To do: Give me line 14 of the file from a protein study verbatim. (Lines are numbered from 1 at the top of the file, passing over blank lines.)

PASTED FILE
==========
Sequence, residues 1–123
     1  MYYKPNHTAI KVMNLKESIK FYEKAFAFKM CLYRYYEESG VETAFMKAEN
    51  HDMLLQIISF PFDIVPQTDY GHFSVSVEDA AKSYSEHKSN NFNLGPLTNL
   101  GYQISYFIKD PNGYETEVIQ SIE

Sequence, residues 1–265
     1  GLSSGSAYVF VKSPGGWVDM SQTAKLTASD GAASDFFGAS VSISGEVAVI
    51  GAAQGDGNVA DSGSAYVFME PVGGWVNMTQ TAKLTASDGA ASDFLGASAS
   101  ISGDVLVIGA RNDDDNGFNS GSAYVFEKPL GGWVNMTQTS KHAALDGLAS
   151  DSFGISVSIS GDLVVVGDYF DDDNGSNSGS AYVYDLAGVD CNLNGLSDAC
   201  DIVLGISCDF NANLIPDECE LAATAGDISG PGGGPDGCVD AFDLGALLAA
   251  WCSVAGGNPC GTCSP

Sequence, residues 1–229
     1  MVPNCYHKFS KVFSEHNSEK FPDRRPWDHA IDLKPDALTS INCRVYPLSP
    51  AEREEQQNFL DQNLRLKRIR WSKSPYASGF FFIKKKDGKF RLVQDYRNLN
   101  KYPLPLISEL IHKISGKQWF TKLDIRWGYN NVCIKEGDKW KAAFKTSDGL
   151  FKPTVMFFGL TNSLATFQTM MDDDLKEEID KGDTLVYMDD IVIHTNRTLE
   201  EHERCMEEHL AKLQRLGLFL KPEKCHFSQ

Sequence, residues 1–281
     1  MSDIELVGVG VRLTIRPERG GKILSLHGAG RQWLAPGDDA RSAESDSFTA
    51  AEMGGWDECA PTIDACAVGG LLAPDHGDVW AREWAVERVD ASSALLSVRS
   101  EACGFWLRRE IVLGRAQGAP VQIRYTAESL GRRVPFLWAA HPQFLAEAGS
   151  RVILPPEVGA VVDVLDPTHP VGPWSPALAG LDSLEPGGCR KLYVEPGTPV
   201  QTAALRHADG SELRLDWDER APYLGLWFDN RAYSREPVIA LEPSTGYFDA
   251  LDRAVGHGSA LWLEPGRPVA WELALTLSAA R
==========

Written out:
    51  AEREEQQNFL DQNLRLKRIR WSKSPYASGF FFIKKKDGKF RLVQDYRNLN